Church officials are uncomfortable following a series of articles published by a Catholic news blog claiming cell phone data shows priests, ranging from suburban New Jersey up inside the ancient walls of Vatican City, use the Grindr gay hookup app, according to the New York Times.
The pillar, a conservative Catholic news blog, claimed that analysis of cell phone data showed Catholic priests using Grindr, despite strict vows of celibacy when entering the priesthood and the Church‘s position that homosexuality is a sin.
The pillar published only scattered information about the source of its data.
Catholic officials told the Times they worried that the priests would eventually use Grindr – but also the apparent attack on priests’ privacy.
Reports have already led to the resignation of Monsignor Jeffrey Burrill, who resigned as secretary general of the United States Conference of Catholic Bishops last month after The pillar alleged that data from his cell phone showed he was using Grindr and frequenting gay bars.
The blog also accused anonymous individuals of using Grindr within the Archdiocese of Newark, which has a history of its priests accused of sexual misconduct, including former Cardinal Theodore McCarrick, who was charged ago just weeks after sexually assaulting a teenager in 1974.
A third report by The pillar Last month, dozens of cellphones reportedly received dating app signals in 2018 from restricted areas of Vatican City in Rome, home to the Vatican and the Pope.
Questions remain as to how The pillar came by the data from the cell phone of the priests, and if they were assisted by an outside source with an ulterior motive. The pillar said they obtained the information from a data provider and had it authenticated by an external consulting firm, but did not provide any further details. Another conservative religious outlet, the Catholic News Agency, said a source “concerned about the reform of the Catholic clergy” had offered him cell phone data, which the agency’s editor-in-chief, Alejandro Bermudez, ultimately decided to refuse because he believed the information had been gathered by “brutal” means, he told the New York Times. The source presented himself to Catholic News Agency in 2018, when The pillar Editors JD Flynn and Ed Condon worked at the agency, but Bermudez told the newspaper he had not informed them of the tip he received. Grindr himself released a statement last month in response to The pillarThe series of reports claiming that bloggers âbrazenlyâ crossed a number of âethical, moral and legal linesâ and likened the investigation to a witch hunt. Grindr is still in the process of completing an investigation into how The pillar accessed the data, the app said, but noted that they did not believe it was from Grindr itself and that the review focused on possible links to network providers, data brokers of localization and ad networks. âWhat is clear is that this work involved more than just a little blog,â Grindr said in a statement. Grindr has come under fire in recent years for selling user data and was fined over $ 11 million earlier this year by Norway under EU privacy law for having disclosed user information to advertisers, including personal information such as sexual orientation and location. The fine is equivalent to 10% of Grindr’s annual income. In 2018, Grindr admitted to sharing users’ HIV status along with information such as location, emails, and phone numbers to two outside analytics companies, a practice it abandoned.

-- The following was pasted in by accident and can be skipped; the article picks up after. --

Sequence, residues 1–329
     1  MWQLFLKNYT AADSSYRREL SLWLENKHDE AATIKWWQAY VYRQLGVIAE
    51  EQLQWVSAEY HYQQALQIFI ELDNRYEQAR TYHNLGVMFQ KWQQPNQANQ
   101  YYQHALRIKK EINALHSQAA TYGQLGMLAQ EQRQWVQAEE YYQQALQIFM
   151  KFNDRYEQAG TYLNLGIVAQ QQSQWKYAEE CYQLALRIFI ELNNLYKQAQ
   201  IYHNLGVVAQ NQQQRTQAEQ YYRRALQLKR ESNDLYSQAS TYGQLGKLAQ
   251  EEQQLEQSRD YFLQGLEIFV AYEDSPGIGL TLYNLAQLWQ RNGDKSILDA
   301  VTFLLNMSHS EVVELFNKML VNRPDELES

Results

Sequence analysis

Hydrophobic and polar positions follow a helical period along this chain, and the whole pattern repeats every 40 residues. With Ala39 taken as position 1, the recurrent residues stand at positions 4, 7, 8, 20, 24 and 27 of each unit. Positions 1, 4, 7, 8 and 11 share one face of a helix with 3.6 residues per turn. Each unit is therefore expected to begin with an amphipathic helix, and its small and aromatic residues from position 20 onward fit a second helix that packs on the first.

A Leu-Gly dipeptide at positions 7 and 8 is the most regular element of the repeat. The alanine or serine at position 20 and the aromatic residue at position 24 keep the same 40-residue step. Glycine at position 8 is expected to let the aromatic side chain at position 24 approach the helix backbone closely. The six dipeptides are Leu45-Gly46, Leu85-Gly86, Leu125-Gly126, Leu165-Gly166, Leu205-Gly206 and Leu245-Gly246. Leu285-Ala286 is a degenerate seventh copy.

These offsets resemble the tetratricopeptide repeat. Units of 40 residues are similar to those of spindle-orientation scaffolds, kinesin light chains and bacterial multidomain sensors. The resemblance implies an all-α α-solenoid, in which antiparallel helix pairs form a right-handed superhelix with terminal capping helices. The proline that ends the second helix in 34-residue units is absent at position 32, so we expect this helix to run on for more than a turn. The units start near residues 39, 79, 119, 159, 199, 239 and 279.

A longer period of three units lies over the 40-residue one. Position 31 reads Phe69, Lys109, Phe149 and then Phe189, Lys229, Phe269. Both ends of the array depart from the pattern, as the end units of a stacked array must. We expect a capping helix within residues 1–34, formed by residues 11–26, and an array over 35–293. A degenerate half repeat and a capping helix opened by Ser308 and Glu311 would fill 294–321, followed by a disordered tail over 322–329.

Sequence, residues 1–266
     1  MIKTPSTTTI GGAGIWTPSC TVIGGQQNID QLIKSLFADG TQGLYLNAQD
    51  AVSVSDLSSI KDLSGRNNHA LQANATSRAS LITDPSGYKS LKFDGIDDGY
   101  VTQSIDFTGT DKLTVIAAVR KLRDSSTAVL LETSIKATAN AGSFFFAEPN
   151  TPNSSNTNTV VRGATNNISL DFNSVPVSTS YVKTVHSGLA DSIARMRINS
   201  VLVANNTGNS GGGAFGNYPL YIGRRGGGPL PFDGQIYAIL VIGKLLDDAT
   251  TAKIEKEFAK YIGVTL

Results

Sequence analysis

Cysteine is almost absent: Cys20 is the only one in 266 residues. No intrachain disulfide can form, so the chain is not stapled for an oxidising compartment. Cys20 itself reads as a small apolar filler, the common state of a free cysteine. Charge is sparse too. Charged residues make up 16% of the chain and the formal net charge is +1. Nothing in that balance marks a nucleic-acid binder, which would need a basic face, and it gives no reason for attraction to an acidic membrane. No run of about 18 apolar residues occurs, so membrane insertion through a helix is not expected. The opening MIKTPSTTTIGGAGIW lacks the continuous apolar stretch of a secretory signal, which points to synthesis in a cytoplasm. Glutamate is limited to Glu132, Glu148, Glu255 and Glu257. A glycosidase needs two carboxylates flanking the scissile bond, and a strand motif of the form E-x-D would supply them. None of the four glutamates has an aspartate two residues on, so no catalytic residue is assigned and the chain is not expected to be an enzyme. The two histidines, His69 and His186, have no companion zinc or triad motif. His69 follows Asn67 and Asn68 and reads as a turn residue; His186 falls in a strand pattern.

The Catholic Church is still steadfast in its teachings that priests should be celibate and that homosexuality is unacceptable, although the head of the Church, Pope Francis, has made comments indicating that he is more progressive than many of its predecessors. In 2016, he gave priests the power to forgive people who abort and approved legal protections for same-sex couples, although he did not support same-sex marriages.
Catholic officials on edge after reports of priests using Grindr (New York Times)